Description of Birdoswald Roman Fort
The visible remains at Birdoswald bear witness to all parts of its 1,800-year history – from the complete circuit of Roman fort walls, Roman granaries and ‘Dark Age’ hall buildings to the foundations of a medieval tower house, a 16th-century bastle house and a Victorian romantic landscape.
Birdoswald lies in a narrow corridor between Hadrian’s Wall to the north and, to the south, a steep cliff above a meander of the river Irthing. The views southwards from the cliff edge over the river to the hills beyond and the ridge of the Whin Sill are stunning.
FORT WALLS AND GATES
The fort was of the standard ‘playing card’ plan for Roman forts, a rectangle with rounded corners. Apart from the north-east corner, where the modern road cuts across Hadrian’s Wall, the fort walls are completely exposed. These were backed with an earth rampart and would have been some 4–5 metres high. In each corner was an angle tower, and interval towers were provided north of the east and west gates.
There were six gates, of which all but the north are visible. The four main gates – one on each side – were of a standard pattern of a double portal flanked by towers. Two additional single-portal gates were provided on the east and west sides, and are a relic of the early plan for a projecting fort like that at Chesters. The main east gate is the best preserved on Hadrian’s Wall, with one voussoir (wedge-shaped arch stone) surviving.
On the east wall there are traces of many repairs and rebuildings. Several of the towers around the fort were later used as bakehouses, and typical circular Roman ovens can be seen.
The multi-layered landscape within the fort walls is a product of 1,800 years of occupation.
In the Middle Ages and later, the walls acted as a useful enclosure. As we see it today, Birdoswald is a Victorian romantic landscape. The walls were excavated in the mid-19th century to provide a classical frame for the mock-medieval farmhouse with its tower, built in 1858. The area in front of it, formerly its garden, is the part of the fort interior that has been excavated.
The fort was built across a pronounced dip, with buildings terraced uphill to north and south. Thus the south granary wall, just south of the main west gate, is 2 metres high from the original surface, but Roman ground level at the south gate is at the present surface level. The buildings have been buried by the natural movement of soil and building debris downhill through erosion.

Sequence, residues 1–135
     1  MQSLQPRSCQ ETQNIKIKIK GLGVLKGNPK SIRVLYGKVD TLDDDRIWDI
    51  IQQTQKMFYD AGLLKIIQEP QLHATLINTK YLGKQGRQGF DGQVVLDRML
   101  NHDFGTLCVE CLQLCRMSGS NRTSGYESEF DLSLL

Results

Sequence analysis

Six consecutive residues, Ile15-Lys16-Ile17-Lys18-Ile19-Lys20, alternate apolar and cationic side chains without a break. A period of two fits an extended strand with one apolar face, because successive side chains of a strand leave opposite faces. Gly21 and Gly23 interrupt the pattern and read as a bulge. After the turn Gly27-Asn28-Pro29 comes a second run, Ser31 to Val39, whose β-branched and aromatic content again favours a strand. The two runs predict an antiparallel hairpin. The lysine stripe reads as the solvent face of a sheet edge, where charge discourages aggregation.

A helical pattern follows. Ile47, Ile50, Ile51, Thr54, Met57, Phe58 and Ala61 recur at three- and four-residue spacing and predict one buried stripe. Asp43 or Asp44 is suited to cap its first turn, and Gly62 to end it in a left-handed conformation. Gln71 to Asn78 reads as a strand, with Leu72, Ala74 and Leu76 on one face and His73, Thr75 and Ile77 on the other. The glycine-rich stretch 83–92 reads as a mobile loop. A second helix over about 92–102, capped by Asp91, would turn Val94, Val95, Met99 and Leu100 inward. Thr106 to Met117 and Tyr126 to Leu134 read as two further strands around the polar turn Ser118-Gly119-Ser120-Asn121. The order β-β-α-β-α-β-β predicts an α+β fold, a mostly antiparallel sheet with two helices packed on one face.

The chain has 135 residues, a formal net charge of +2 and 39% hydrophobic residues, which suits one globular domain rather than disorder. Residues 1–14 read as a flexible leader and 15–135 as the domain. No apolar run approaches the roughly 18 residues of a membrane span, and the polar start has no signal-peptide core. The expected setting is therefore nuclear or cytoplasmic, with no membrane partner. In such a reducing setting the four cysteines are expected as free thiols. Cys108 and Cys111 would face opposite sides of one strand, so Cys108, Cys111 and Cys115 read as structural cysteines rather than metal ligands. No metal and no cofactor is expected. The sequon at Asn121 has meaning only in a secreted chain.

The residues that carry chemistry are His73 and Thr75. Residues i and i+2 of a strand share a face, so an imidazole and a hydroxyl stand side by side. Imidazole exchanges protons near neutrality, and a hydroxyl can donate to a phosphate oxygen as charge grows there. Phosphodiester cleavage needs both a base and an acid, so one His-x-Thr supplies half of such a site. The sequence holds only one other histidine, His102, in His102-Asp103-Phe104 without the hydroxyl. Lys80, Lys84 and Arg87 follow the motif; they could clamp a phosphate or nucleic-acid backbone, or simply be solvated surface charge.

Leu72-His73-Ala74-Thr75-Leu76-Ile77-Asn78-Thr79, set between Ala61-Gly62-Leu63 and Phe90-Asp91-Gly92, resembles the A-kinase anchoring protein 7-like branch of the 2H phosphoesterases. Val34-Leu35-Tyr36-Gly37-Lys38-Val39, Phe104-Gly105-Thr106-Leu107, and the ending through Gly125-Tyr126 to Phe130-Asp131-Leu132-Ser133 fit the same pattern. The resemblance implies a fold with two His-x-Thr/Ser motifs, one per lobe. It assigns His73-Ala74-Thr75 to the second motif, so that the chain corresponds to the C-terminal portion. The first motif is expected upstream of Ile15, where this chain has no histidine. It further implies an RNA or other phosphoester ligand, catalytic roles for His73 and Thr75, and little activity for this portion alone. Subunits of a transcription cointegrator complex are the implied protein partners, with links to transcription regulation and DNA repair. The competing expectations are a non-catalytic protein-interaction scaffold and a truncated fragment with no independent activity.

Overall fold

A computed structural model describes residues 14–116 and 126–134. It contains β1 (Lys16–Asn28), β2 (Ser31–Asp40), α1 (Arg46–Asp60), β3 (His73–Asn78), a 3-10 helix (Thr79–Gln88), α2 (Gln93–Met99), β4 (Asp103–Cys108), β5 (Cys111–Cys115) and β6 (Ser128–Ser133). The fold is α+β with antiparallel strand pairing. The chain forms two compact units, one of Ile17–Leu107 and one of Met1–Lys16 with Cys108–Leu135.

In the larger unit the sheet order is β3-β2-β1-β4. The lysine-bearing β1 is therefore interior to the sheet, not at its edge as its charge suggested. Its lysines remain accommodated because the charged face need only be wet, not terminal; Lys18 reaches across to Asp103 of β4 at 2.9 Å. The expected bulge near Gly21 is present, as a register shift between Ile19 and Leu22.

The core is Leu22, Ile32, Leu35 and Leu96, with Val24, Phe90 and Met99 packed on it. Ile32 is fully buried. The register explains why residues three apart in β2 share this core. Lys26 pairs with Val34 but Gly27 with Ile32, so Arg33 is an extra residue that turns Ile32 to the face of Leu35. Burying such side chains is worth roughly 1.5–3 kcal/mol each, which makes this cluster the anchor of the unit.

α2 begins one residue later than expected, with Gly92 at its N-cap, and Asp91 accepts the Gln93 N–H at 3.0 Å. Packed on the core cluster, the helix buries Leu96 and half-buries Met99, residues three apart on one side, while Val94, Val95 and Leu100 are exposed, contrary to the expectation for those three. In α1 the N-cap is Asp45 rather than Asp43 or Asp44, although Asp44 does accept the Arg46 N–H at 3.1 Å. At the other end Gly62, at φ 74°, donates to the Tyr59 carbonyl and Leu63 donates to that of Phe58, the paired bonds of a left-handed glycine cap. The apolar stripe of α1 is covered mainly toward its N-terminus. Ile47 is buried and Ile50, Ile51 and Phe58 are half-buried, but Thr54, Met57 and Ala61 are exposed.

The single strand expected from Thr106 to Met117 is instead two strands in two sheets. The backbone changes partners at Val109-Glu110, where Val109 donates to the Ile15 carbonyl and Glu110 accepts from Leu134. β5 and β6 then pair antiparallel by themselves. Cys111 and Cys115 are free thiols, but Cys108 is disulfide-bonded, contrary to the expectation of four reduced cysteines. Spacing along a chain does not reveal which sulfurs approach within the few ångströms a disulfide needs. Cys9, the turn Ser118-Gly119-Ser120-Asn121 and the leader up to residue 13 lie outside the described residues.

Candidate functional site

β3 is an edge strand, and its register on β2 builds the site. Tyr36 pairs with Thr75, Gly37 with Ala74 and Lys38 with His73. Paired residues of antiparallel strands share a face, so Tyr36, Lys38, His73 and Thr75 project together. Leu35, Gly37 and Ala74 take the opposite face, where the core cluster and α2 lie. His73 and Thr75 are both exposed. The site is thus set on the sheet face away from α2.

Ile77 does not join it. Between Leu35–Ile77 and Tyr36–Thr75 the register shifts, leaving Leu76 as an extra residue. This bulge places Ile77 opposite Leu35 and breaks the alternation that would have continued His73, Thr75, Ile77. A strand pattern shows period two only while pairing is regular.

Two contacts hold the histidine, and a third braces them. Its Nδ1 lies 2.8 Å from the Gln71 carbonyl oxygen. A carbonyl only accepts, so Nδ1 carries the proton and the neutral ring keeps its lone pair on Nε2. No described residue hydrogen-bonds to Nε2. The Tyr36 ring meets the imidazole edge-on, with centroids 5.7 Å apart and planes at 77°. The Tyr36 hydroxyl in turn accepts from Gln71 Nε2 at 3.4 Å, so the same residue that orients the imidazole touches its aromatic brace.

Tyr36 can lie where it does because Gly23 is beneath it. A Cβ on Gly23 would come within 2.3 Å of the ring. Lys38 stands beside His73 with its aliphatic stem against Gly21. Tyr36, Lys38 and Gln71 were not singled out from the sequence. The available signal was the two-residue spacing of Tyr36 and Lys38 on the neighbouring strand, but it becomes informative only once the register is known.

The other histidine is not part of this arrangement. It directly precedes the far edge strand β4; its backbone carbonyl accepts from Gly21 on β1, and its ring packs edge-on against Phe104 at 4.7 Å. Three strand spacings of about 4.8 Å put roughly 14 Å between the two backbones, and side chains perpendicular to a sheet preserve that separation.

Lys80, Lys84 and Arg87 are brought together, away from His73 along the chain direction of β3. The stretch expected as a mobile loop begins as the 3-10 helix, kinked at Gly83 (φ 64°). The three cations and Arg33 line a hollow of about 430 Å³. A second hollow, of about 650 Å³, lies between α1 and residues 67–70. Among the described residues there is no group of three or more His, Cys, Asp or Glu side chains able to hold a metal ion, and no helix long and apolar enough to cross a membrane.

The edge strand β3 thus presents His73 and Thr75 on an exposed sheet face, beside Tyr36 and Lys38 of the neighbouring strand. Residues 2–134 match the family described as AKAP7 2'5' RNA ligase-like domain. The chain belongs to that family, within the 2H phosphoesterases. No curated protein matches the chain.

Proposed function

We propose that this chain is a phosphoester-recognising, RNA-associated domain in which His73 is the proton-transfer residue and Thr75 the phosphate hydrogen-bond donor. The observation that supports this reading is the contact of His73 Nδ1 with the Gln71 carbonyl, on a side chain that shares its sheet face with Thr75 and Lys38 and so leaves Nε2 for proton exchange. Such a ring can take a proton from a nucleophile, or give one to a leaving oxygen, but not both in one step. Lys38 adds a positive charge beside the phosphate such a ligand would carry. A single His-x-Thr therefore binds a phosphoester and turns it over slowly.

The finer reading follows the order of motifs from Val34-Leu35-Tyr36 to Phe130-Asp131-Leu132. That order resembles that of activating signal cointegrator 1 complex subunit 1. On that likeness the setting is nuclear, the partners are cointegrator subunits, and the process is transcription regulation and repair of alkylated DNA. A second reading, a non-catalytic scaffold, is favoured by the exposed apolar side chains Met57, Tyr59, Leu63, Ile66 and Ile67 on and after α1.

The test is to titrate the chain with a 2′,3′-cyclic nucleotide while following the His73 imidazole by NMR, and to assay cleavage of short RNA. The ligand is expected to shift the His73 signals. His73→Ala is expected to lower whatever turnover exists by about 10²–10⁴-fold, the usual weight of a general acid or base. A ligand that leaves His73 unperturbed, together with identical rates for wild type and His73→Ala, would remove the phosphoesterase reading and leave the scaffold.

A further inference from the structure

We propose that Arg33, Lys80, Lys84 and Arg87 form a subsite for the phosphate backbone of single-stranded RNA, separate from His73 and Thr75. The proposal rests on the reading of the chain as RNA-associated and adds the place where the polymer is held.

On the rising land south of the excavated area, the east–west corrugations of medieval ridge-and-furrow ploughing are visible. To the east, substantial earthworks mark the site of the headquarters building (principia).
Within the excavated area lie the main west gate and the main street (via principalis). To the south of the street lie two substantial and well-preserved granaries (horrea). The area is laid out to show the important ‘Dark Age’ timber buildings – one on the site of the north granary, and two smaller structures to the west – which are represented by modern timber posts.
To the north of the street is a long narrow building used as a workshop (fabrica) in Roman times. The medieval tower house and the 16th-century bastle house were built on top of this and their remains are visible.
Outside the fort
To east and west Hadrian’s Wall survives up to 2.5 metres high, presenting one of the better preserved stretches.
Some 325 metres west of Birdoswald is turret 49b (Birdoswald). This was built integrally with the stone Wall that replaced its turf predecessor on a more northerly line. It is not obvious from the road, which here runs along the north side of the Wall. The turret is 4 metres square internally, and survives to a height of three courses; the internal space is recessed into the thickness of the Wall. An entrance door in the south wall is offset from the south-east.
Further west two similar turrets, at Leahill and Piper Sike, can be seen on the roadside.
Milecastle 49 (Harrows Scar) lies 400 metres east above the river bridge at Willowford. Geophysical survey has shown that large settlements surrounded the fort, but there is no trace of these today. To the immediate west of the fort, medieval ridge-and-furrow masks the earlier remains.
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